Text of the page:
We've received a number of requests from readers to take shots showing the lens focal length range of those cameras with zoom lenses. Thus, we're happy to present you here with the following series of shots, showing the field of view with the lens at full wide angle, the lens at full 7x telephoto, and the lens at full telephoto with the 2x digital zoom enabled. The Dimage 7's wide angle setting captures a wider field of view than we see on many digicams, capturing both sides of the street and significant space on either side of the house. Detail is excellent throughout the image, with reasonably distinct details even in the furthest trees. Barrel distortion from the wide angle lens is visible along the curb of the street. Image details soften slightly at the 7x telephoto setting, but not dramatically. Enabling the 2x digital zoom significantly softens the image, losing resolution as well. The digitally enlarged image is also much brighter than the previous two shots. Following are the sample images from each zoom setting.

Wide Angle
(840 k)
7x Telephoto
(648 k)
2x Digital Telephoto
(562 k)

Musicians Poster (3084 k)
For this test, we shot with the automatic (3087 k), daylight (3043 k), and manual (3084 k) white balance settings, choosing the manual setting as the most accurate. The large amount of blue in the image often tricks digicams into overcompensating, but the Dimage 7's white balance system didn't produce any extreme color casts. The automatic setting resulted in a cool image, with bluish skin tones, while the daylight setting resulted in a slightly warm image, with orangish skin tones. The manual setting produced the most neutral color balance, with close to accurate skin tones. The blue of the Oriental model's robe looks very good (this is a difficult blue for digicams to reproduce, so the Dimage 7 does an excellent job). Resolution looks very high, with practically all of the fine detail in the bird wings and silver threads of the model's robe visible. Even the more subtle details of the smaller bird's wings are fairly clear. The violin strings are very sharp, without a moire pattern. Likewise, the beaded necklaces and flower garland are crisp and distinct. Noise is moderate in the background, but most of the larger grain pattern is coming from the film grain in the poster.

Macro Shot (2554 k)
The Dimage 7 performs very well in the macro category, capturing a very tiny minimum area of just 1.92 x 1.44 inches (48.76 x 36.57 millimeters), in the top rank of cameras we've tested. Detail and resolution are excellent, with very sharp details throughout the image. The printing on the dollar bill is very clear, as are the tiniest details of the coins. Color balance is a little warm, giving the gray background a reddish tint. The Dimage 7's built-in flash (1016 k) has a lot of trouble throttling down for this very tiny macro area, completely overexposing the image and washing out the color and details. (Minolta makes a couple of very flexible macro flash systems (a multi-head unit and a ringlight) that the Dimage 7 can use though.)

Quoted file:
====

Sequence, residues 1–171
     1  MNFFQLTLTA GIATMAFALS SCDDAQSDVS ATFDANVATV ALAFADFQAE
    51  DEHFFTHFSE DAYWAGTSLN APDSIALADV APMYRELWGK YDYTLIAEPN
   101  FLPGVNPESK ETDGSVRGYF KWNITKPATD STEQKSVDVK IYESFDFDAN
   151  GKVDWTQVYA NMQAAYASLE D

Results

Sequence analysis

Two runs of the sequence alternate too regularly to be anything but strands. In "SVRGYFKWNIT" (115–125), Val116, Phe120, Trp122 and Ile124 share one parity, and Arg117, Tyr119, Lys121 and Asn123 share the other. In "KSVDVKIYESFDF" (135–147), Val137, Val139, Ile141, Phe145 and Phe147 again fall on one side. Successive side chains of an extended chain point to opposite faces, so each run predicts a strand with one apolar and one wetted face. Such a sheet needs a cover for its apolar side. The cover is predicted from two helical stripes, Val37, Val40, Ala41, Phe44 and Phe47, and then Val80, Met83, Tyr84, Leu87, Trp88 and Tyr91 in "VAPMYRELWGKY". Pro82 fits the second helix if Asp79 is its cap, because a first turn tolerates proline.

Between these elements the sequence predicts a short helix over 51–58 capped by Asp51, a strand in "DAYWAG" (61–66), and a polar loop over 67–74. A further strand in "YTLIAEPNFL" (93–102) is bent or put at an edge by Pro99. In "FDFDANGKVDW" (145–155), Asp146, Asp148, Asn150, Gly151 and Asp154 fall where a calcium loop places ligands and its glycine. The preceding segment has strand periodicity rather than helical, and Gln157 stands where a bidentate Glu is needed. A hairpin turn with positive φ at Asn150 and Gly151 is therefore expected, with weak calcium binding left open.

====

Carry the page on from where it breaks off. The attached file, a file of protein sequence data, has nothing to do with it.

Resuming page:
"Davebox" Test Target (1865 k)
Overall, very good color, particularly for an early prototype-model camera. We shot samples of this target using the automatic (1808 k), daylight (1885 k), and manual (1865 k) white balance settings, again selecting the manual setting as the most accurate. The automatic setting resulted in a nearly accurate image, but the white of the mini-resolution target has a greenish tint. The daylight setting produced a much warmer image, with a yellowish tint. The white of the mini-resolution target and the large white color block both looked very accurate with the manual white balance setting, as does the overall color balance. The large color blocks look accurate in color, though slightly undersaturated (particularly the cyan, magenta, and yellow blocks). The Dimage 7 accurately distinguishes the subtle difference between the red and magenta color blocks on the middle, horizontal color chart (which is a common problem area for many digicams), though both blocks have a very orange tint. Exposure is a little too bright, as the subtle tonal variations of the Q60 chart are just barely visible as far as the "B" range. The tonal gradations of the smaller, vertical gray scales also look good, though the two darkest blocks blend together. The shadow area of the charcoal briquettes shows excellent detail, with moderately low noise. Likewise, the white gauze area also shows a lot of detail, despite being a little overexposed. As we've noticed throughout our testing, resolution is very high, with good detail in the box hinges and silver disk. The black lines of the mini resolution target appear sharp, and the texture of the black tape holding down the targets is visible.

Saturation Series
We again shot with the Dimage 7's adjustable Saturation setting, which produced nice results. The large color blocks regain a good saturation level with the higher saturation settings, though the overall exposure looks a little darker. The lowest saturation settings subdued any vibrant color, but left enough of the original color in the image to produce creative results in some shooting situations.